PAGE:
Then shall ye call upon me, and ye shall go and pray unto me, and I will hearken unto you. And ye shall seek me, and find me, when ye shall search for me with all your heart. — Jeremiah 29:12-13
Through Charlotte Atseff’s teenage years, she was very rebellious, and after her marriage she continued on in her own way, resisting the truth she had been taught as a child. Her mother had prayed for Charlotte since the day her daughter was born, but one day that godly mother became seriously ill. As Charlotte sat by her mother’s bedside, the thought came to her mind, Who will pray for me now? What will I ever do without mother’s prayers? The Lord answered her questions by speaking to her heart: “You will pray for yourself!”
After her mother’s death, Charlotte began to reach out to the Lord and started attending a neighborhood church. One morning, alone in her house, she truly sought God with all of her heart. She confessed her sins, naming them one after another. In later years, she testified, “All of a sudden, it seemed I was the worst sinner in the world. My soul was as dark as midnight. The devil shouted at me, ‘You have gone too far,’ but at that moment the Lord showed me His Cross. I saw all my sins there on the Cross. I did not try to bargain with God — I just pled for mercy. Jesus came into my heart and forgave me. He turned me right about face. I knew the moment I was redeemed: I was a new person. All the bitterness and hatred were gone. He melted my heart like the ice is melted in the summer sun.”
In our text today, the Lord was speaking through the Prophet Jeremiah to the people of Judah who were captives in Babylon, urging them to come back to Him. Sadly, they were hardened by sin and rebellion, and unlike Charlotte, they were not willing to turn to God in their time of trouble. Despite their resistance, God was still calling after them in mercy. He was waiting for them to turn to Him, and promised that if they would just pray, He would hearken. If they would seek Him with all their hearts, He would be found of them.
What a comforting thought! No matter what spiritual condition we are in, God still invites us to pray and call upon Him. He wants us to seek Him with all our hearts, to yield our lives completely to Him, and to search diligently for His will for our lives. He says if we do this, He will be there to hear and answer our prayers.
Charlotte proved that God is just one heartfelt and sincere prayer away, and she never regretted it. We can prove that same truth in our lives!
Chapter 29 includes two letters that Jeremiah wrote to the Jewish people who were exiled in Babylon. There is also a reference to a letter written by the false prophet Shemaiah to the Temple priests.
Correspondence was not difficult at this time, as diplomatic missions were carried on between Jerusalem and Babylon. Jeremiah also had friends in high places of Judah’s government, which enabled him to keep in contact with the exiles. The first letter in this chapter was sent with Elasah the son of Shaphan, a brother to Ahikam (mentioned in chapter 26) and Gemariah, son of Hilkiah (perhaps the high priest in the time of Josiah).
The people who had been relocated to Babylon were restless and wishing to return to Judah. They were influenced by false prophets among them who were saying the captivity would be short. Jeremiah told them the captivity would be for seventy years. He encouraged them to be law-abiding, humble people, and to build homes and plant gardens. The exiles were not treated as slaves in Babylon. They could buy property, have families, and reside in their own communities. In fact, some of the Jewish people became so wealthy during this time that they decided not to return to Jerusalem when the exiles were finally released.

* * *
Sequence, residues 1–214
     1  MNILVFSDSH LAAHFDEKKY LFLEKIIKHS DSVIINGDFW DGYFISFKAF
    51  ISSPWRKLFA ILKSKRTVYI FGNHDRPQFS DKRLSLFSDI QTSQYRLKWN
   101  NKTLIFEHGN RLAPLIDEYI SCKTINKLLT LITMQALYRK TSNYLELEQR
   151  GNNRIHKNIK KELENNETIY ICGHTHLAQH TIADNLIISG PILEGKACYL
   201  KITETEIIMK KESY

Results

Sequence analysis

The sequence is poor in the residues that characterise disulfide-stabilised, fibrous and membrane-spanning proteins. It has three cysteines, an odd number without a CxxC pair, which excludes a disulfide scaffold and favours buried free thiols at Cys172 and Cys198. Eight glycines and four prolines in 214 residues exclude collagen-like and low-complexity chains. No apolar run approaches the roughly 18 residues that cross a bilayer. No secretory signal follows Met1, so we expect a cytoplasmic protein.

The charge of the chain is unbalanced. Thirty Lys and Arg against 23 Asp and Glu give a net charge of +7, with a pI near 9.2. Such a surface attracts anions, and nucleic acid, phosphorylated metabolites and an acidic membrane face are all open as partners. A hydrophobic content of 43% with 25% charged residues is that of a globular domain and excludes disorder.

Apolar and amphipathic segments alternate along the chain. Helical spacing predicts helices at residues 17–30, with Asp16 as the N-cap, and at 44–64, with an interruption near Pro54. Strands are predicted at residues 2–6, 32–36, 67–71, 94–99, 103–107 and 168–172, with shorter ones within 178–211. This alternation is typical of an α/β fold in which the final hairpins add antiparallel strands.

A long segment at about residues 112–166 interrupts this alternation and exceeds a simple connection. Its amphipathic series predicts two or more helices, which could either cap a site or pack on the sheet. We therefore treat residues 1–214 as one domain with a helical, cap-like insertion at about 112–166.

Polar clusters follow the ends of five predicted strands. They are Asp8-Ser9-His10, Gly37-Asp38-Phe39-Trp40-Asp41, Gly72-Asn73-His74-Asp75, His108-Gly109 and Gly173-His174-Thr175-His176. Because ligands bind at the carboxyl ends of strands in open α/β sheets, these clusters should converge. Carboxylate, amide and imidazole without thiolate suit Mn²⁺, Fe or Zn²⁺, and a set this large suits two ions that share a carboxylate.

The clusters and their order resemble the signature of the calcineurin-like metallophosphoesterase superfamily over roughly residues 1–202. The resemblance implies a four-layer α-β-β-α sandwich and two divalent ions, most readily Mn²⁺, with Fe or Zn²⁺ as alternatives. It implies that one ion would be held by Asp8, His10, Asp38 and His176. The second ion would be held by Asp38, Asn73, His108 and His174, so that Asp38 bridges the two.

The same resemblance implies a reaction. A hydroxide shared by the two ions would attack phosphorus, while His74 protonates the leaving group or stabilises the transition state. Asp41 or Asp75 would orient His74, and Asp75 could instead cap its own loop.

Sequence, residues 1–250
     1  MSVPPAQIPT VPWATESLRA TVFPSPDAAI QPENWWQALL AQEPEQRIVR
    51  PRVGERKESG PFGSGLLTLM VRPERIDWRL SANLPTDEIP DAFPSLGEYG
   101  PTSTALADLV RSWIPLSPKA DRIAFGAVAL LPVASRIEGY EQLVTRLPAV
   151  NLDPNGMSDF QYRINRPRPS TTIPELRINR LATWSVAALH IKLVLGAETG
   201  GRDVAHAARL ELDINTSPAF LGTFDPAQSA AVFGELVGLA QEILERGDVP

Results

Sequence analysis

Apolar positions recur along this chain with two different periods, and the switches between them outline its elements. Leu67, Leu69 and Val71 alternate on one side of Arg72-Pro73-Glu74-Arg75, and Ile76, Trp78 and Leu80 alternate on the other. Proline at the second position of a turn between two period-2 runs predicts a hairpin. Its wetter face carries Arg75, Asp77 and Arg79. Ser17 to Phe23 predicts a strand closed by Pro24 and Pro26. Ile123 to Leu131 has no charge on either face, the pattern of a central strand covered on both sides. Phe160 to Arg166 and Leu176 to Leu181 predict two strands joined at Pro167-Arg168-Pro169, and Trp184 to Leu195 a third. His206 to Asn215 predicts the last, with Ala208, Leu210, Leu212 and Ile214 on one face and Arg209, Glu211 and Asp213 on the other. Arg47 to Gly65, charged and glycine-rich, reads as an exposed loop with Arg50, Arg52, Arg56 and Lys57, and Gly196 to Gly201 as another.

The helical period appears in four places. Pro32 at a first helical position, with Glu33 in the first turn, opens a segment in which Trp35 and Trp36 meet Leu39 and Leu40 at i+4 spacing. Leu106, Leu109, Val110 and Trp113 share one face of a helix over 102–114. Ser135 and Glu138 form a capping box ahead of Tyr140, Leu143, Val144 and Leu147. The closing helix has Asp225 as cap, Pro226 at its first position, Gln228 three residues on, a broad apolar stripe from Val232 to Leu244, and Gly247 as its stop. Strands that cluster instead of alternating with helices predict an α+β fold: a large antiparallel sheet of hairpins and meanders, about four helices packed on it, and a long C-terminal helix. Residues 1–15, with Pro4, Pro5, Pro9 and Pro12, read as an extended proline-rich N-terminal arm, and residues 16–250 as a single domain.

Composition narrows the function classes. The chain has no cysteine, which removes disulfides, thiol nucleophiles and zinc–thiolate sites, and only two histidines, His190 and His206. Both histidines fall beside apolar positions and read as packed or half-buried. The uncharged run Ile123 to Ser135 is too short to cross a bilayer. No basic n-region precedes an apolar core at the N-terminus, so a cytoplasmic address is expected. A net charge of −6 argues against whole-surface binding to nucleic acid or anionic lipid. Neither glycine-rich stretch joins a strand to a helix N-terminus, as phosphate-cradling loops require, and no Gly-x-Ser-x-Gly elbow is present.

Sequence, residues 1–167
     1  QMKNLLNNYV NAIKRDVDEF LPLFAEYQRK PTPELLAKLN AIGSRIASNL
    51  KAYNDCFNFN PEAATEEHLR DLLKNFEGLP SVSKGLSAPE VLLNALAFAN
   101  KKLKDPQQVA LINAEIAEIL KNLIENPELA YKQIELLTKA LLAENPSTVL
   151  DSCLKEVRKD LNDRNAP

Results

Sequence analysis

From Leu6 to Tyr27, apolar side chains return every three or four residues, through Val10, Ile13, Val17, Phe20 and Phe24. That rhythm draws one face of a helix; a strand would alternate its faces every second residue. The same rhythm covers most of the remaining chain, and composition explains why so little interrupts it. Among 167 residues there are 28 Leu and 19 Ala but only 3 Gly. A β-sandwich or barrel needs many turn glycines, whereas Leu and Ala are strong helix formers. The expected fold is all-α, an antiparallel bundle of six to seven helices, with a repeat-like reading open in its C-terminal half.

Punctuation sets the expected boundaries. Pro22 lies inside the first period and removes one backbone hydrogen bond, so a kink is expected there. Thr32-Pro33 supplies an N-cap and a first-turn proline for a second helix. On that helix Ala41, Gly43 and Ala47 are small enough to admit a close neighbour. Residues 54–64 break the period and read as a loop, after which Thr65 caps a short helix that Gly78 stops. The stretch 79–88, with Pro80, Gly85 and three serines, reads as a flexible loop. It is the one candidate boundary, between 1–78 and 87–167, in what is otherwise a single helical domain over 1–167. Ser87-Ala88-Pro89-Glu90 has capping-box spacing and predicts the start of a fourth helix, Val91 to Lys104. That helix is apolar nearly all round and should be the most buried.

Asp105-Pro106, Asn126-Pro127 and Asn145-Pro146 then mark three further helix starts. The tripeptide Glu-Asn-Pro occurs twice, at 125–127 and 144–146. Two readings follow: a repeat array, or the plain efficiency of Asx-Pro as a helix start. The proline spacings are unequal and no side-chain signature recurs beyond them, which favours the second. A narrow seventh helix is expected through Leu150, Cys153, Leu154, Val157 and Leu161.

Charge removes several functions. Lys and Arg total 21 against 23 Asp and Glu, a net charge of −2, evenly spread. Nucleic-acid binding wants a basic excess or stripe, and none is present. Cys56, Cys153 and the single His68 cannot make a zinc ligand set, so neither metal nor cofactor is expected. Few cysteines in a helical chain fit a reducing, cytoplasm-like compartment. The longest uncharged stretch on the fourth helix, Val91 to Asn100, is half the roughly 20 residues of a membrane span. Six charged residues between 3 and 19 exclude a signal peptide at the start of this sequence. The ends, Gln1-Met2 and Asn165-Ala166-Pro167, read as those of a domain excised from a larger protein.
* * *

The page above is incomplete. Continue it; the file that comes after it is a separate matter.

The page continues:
Verses 10-14 contain a message of hope from the Lord for the exiles. He promised that if they would seek Him again with all their hearts, He would be found of them; He would hear and answer their prayers. Beginning with verse 16, the exiles were told that they were better off than the people who had remained in Judah.
Again, perhaps in a second letter, Jeremiah warned of false prophets, naming two: Ahab and Zedekiah. Jeremiah prophesied that these two men would be burned to death (which was not an unusual form of capital punishment in Babylon) and their names would be used as an example of a curse.
Shemaiah, another false prophet in Babylon, had apparently written a letter accusing Jeremiah of being a madman and urging the authorities to imprison him (verses 24-28). In his response, Jeremiah warned the people not to believe Shemaiah, and that he and his relatives would die in exile and never see the city of Jerusalem again.
(Hannah’s Bible Outlines - Used by permission per WORDsearch)
II. The pronouncement of judgment against Judah
B. The conflicts of the prophet
4. The conflict with Shemaiah (29:1-32)
a. The letter to the exiles (29:1-23)
(1) The circumstances of the letter (29:1-3)
(2) The content of the letter (29:4-23)
(a) A call to submit (29:4-7)
(b) A warning about false prophets (29:8-9)
(c) A promise of restoration (29:10-14)
(d) A declaration of judgment on the false prophets (29:15-23)
b. The letter from Shemaiah (29:24-28)
c. The letter concerning Shemaiah (29:29-32)
God’s promise to be found of those who seek Him wholeheartedly extends down through the ages from the time of Jeremiah to our day. He is still faithful to respond to those who approach Him with an honest heart.